Jianghuai Zheng, zhengjh@nju.edu.cn, Yu Wang
Front Econ Chin. 2011, 6 (3): 413-446.  
https://doi.org/10.1007/s11459-011-0140-6

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The service industry in China is underdeveloped, in comparison with not only the past experience of developed countries at the similar level of GDP per capita, but also other similar developing countries at present. We define this deviation of China’s service industry from the development trend in other countries as the “development deviation puzzle,” and propose a conceptual framework based on the “manufacturing cost disease” hypothesis to understand the reasons behind this puzzle. We test our hypothesis using the data from the urban cluster in Yangtze River Delta. The results indicate that labor productivity growth in service industry is driven by capital investment and the “development deviation puzzle” is indeed rooted in the “manufacturing cost disease.” Our analysis suggests that, to correct the underdevelopment of service industry, the strategy of investment-driven industrialization and urbanization must be changed. Expansion of producer services is important in increasing the intensities of human capital and foreign investment.

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Labor Mobility, Marketization and Urban Income Change: Potential Rural-Urban Harmonization or Not
Kunrong Shen, Jixiang Yu, Jian Li
Front Econ Chin. 2011, 6 (3): 447-463.  
https://doi.org/10.1007/s11459-011-0141-5

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Previous literature omitted marketization process, a distinct phenomenon in transitional China, when the relationship between immigrants and indigenous urban income is investigated. We find that (1) marketization is a key factor of rural-urban harmonization; (2) segmentation of labor market has no real effect on urban income change since it may be evaded partly by rural labor; (3) the key determinants of urban income change are the cross effect between marketization and mobility, openness, and government spending; and (4) the marginal effect of immigrants is positive in some regions although it is averagely negative during the sample period. Rural-urban harmonization is totally possible if marketization process continues.

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International Trade and Technological Progress in China: Evidence from Time Series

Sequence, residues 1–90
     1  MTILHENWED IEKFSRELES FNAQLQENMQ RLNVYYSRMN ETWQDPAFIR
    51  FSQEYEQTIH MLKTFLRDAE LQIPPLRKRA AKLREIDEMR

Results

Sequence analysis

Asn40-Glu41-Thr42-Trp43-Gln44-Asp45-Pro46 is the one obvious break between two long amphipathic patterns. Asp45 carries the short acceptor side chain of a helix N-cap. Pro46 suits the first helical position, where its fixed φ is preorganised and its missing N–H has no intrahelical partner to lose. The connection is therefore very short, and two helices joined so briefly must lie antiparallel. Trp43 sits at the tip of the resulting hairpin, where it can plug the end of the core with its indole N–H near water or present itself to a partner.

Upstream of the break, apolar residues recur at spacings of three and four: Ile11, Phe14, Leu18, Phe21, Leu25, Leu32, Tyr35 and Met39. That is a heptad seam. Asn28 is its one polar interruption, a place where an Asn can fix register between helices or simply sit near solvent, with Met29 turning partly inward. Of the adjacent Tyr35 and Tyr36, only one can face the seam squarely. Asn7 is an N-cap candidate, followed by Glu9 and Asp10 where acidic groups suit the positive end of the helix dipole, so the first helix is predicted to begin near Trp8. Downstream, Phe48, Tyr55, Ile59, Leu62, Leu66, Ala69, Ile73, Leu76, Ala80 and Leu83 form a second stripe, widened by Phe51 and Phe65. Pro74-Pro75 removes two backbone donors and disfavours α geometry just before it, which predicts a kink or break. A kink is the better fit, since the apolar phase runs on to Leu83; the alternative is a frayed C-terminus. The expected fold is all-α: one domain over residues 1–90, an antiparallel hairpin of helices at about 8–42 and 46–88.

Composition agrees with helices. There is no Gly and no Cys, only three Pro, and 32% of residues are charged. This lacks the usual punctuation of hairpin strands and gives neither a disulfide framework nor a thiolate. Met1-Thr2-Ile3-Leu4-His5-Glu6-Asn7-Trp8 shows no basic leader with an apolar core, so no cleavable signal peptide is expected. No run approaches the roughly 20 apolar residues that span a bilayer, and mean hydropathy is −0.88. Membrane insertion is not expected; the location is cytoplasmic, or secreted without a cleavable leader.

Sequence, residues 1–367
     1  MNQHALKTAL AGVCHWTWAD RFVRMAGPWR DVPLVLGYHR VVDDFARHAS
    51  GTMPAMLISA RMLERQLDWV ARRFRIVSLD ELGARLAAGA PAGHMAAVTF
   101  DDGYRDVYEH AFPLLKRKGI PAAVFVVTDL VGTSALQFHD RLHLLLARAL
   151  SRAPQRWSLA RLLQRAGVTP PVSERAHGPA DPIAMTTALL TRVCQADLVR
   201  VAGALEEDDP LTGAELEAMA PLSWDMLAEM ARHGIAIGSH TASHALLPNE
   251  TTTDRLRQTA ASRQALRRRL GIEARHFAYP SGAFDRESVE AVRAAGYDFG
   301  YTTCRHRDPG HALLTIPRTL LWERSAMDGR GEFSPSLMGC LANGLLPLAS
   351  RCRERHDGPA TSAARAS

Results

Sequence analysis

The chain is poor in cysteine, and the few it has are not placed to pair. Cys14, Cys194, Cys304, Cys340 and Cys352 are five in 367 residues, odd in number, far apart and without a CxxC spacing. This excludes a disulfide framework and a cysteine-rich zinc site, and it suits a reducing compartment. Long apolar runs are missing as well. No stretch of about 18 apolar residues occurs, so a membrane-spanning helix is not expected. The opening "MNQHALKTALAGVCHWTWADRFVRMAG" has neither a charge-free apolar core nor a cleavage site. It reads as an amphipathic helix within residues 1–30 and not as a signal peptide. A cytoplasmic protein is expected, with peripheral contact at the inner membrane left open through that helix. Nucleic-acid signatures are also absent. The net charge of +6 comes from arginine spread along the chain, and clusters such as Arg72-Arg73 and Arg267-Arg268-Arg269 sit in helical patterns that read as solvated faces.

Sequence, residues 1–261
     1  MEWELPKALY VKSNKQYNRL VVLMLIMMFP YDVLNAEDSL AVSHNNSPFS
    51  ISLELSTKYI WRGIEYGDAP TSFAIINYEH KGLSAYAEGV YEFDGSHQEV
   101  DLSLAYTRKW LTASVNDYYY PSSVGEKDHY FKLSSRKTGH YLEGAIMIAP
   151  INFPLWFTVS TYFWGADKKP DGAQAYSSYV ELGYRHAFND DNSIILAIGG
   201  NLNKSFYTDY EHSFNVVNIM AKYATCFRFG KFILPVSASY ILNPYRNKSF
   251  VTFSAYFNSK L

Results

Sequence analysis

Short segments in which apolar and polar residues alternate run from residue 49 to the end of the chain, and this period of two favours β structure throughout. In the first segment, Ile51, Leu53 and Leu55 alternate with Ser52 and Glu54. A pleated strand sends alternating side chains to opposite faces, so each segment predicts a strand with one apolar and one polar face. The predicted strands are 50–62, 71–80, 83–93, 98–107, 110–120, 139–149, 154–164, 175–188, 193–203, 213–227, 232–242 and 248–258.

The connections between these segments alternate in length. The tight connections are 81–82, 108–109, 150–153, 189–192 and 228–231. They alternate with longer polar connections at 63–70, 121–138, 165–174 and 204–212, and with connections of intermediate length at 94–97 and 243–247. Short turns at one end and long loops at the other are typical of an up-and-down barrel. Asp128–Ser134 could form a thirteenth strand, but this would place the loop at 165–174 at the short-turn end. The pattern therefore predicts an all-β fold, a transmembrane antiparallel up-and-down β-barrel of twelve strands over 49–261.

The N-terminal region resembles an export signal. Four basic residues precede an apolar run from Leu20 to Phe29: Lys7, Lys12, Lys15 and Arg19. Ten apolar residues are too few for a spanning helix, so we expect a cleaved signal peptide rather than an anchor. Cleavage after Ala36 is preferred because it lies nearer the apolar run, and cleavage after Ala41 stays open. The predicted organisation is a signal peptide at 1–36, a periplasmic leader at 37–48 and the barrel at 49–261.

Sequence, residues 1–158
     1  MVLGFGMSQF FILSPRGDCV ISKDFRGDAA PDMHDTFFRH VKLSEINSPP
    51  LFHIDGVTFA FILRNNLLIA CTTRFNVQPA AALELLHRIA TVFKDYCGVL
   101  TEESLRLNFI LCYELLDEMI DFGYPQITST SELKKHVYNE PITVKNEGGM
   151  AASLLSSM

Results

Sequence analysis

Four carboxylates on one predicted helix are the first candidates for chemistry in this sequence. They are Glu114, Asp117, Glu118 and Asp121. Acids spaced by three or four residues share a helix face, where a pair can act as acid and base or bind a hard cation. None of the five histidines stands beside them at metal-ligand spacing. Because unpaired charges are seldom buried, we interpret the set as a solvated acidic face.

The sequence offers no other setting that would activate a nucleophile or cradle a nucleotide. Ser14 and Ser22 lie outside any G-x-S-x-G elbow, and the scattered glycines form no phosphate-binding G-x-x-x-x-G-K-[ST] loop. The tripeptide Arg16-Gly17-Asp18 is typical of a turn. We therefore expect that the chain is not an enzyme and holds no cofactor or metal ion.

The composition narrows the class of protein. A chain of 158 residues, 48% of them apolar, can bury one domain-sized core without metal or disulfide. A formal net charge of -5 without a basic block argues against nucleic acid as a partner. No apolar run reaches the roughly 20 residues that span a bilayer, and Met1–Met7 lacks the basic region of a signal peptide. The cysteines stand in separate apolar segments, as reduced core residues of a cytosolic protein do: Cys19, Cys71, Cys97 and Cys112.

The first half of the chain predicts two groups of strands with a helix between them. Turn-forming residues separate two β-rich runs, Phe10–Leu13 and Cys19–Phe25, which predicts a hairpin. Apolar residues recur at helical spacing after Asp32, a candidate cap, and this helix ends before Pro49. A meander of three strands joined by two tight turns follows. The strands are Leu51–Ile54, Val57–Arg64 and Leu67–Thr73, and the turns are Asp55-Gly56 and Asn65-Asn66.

Yaojun Yao
Front Econ Chin. 2011, 6 (3): 464-478.  
https://doi.org/10.1007/s11459-011-0142-4

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Using annual time series data (1983-2007), this paper examines the nexus between international trade and technological progress in China. The time series properties of the data are analyzed by bounds testing approach and vector error-correction model. The empirical results show that, it is not international trade volume and export trade volume but the import trade volume that is cointegrated with total factor productivity. The paper also finds that, in the long run, there is a reciprocal Granger causal relationship between the change of import trade volume and the change of total factor productivity, and in the short run, there is no evidence to support the Granger causality between these changes of the two variables.

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The Trade Destruction Effect and Trade Diversion Effect of RMB Appreciation
Hongjin Xiang, Zheng Zhan, Mingyong Lai
Front Econ Chin. 2011, 6 (3): 479-493.  
https://doi.org/10.1007/s11459-011-0143-3

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This paper examines how Chinese RMB appreciation affects China and its competitor’s exports to the third market at industry level. We develop a two-country competition model to analyze the trade destruction effect and trade diversion effect of RMB appreciation. The theoretical analysis shows that the appreciation of RMB has negative impacts on China’s exports and positive impacts on its competitor’s exports. We then empirically test how the appreciation of RMB to the US dollar affects China’s and India’s textiles and apparel exports to the US from 1995Q1 to 2008Q4. The empirical results show that an 1% appreciation of RMB to US dollar will reduce China’s exports of textiles & apparel to the U.S. by 2.63% and raise the India’s exports of textiles & apparel to the U.S. by 2.71%.